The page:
Extreme ultra-marathon runner Audrey McIntosh has taken part in some amazing races around the world. Discover her top tips for running an ultra-marathon.
Running an Ultra-Marathon
I tend to be cautious about offering tips and advice on running because what works for one person does not necessarily work for another. Also it is not as if I have a degree or in depth sports science knowledge, nor am I a coach or trainer.
Personal experience of running an ultra-marathon has shown me that there are many differing views and passions with regard to what is right and wrong. There has been many an occasion when I have sought advice only to be faced with a myriad of views, often opposing, and have been left more confused: none the wiser.
And therein lies the secret. When it comes to running an ultra-marathon, one size does not fit all. We sift through, try out and decide what works, just as we do with our shoes and kit.
Here are a few tips based on my own experiences.
Always get shoes properly fitted and once you have the right ones, you can then take advantage of online prices.
I quickly found that my one pair of trail shoes did not quite cut it. It’s a horses for courses situation and there is a danger that you will become the Imelda Marcos of the running shoe world.
There are shoes for easy trails, fells, muddy and wet conditions, hard rocky trails. I could be here for quite some time. Best start with a good all-rounder and go from there.
Back Pack & Contents
Ultra-marathon races often have a mandatory kit list. Get a back pack that is light and hugs your body. If it moves it will really bug you, not to mention chafe you. Easily accessible pockets and pouches are good.
I prefer bottles on the front of the vest over a bladder. Using bottles reminds me to drink and I can easily see how much I am getting through. My current back pack is the Salomon SLab Skin 12
Essential kit for your back pack could include:
- Lightweight water proof jacket and trousers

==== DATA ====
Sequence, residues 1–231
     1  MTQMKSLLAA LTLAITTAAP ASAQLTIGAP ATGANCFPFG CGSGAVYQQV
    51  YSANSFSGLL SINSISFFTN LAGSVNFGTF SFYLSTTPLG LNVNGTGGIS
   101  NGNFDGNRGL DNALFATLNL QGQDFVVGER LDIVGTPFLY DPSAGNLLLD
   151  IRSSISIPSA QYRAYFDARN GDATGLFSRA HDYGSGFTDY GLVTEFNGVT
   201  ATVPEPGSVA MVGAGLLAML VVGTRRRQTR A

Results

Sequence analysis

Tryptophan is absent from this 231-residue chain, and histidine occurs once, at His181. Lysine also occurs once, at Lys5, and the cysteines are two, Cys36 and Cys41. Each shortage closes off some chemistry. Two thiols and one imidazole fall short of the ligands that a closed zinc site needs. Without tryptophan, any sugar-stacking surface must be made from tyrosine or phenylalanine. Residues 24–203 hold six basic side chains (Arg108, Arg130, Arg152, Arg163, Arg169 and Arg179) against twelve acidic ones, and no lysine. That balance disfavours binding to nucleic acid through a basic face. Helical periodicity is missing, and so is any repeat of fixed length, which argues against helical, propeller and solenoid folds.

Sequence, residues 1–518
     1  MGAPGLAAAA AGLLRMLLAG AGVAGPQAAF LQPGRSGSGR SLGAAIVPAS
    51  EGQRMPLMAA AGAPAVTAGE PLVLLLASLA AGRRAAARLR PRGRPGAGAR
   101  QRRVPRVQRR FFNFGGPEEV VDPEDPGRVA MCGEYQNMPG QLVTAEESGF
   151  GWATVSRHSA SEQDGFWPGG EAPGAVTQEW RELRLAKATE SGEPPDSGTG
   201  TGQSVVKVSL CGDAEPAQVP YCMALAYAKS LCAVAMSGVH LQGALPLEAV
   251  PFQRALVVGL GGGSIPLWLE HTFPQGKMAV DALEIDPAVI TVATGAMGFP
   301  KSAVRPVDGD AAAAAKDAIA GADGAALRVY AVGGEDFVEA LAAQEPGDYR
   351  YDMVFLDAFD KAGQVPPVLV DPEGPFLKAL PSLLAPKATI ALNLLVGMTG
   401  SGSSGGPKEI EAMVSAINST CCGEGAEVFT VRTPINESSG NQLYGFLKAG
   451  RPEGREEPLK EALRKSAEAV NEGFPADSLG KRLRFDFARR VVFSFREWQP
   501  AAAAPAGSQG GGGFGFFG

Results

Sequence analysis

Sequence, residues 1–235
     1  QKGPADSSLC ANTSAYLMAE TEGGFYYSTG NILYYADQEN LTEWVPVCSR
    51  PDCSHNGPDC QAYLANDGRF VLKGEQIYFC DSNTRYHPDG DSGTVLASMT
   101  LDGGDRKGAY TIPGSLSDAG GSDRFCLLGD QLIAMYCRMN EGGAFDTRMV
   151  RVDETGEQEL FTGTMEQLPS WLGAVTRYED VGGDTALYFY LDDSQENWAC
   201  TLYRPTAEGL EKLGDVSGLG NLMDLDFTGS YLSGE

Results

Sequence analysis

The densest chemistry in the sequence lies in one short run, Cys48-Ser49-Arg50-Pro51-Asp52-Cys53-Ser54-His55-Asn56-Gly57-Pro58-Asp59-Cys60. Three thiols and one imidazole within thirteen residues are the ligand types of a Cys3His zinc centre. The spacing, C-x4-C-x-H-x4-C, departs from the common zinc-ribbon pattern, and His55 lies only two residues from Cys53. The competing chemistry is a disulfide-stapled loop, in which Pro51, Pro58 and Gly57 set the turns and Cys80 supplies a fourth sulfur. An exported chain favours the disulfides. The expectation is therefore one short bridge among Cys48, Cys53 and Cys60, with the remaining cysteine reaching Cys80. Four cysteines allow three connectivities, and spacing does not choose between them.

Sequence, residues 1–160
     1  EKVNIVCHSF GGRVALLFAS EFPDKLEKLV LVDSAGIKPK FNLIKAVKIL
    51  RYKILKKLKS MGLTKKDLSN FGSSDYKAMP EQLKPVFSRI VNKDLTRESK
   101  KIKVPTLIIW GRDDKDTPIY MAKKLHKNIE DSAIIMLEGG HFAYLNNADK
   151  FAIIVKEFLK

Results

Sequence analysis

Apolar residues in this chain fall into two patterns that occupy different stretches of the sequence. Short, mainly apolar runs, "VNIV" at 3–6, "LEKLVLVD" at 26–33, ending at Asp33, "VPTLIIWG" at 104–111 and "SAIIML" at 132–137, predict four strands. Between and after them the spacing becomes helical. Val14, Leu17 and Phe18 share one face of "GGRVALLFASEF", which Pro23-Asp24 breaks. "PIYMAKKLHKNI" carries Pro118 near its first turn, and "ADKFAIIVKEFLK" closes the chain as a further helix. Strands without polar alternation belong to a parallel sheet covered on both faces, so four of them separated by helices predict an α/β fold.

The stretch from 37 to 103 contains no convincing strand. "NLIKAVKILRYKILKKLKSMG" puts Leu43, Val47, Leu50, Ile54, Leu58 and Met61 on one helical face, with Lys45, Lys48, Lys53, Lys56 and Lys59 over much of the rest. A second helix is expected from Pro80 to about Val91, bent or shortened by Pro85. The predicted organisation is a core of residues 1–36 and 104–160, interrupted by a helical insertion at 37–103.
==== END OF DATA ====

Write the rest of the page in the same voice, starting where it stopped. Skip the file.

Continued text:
- Foil blanket
- Small first aid kit
- Tissues/wet wipes
- Anti-chafing gel
- Midge repellent (if in Scotland)
- Sun block (depending on time of year/location)
- A buff or hat and gloves (again depending on season and conditions)
- A fully charged mobile phone
Clothing can cost as much or as little as you choose to spend. The main thing is that it is appropriate for the activity and comfortable. You are going to be wearing it for a long time.
As we all know, labels come at a price so be smart and shop around. There are also a number of high street stores producing perfectly good kit at decent prices. H&M does perfectly serviceable set of sportswear as does Gap – where I often pick up kit. Ladies, don’t forget to invest in a high impact sports bra.
If you are going extreme, then specialist kit will be needed! The organisers will advise you and provide a kit list, but do your research. When I ran in the Antarctic I used outdoor and mountaineering kit which was lightweight, could be layered and was flexible enough to allow me to run.
Related: Nutrition for Runners
Fluid & Nutrition
I still have not entirely cracked this one. I drive my husband insane when I am running an ultra-marathon and he is supporting me. Nutrition plan in hand, he waits expectantly at the check point with the stated food in hand only for me to go ‘no, don’t want that’ or ‘No, I don’t want anything’. He then has to try and tempt me with alternatives whilst ripping up the plan.
There are many differing opinions with regard to ‘real food’ versus sport specific food. My experience is that sports specific nutrition makes me sick after a while and upsets my stomach. I hardly use it now. However, that said, I find that I can tolerate Tailwind (if well diluted) and Active Root .
Let’s face it, if you are going to be running an ultra-marathon you are going to want real food. Experiment when you are training to find foods that you like and that your stomach will tolerate.
The ultra-runners dirty secret: Coke. Packed with sugar and caffeine it will hit the spot and that slight pepperiness helps. It can also stop nausea, and I have no idea why.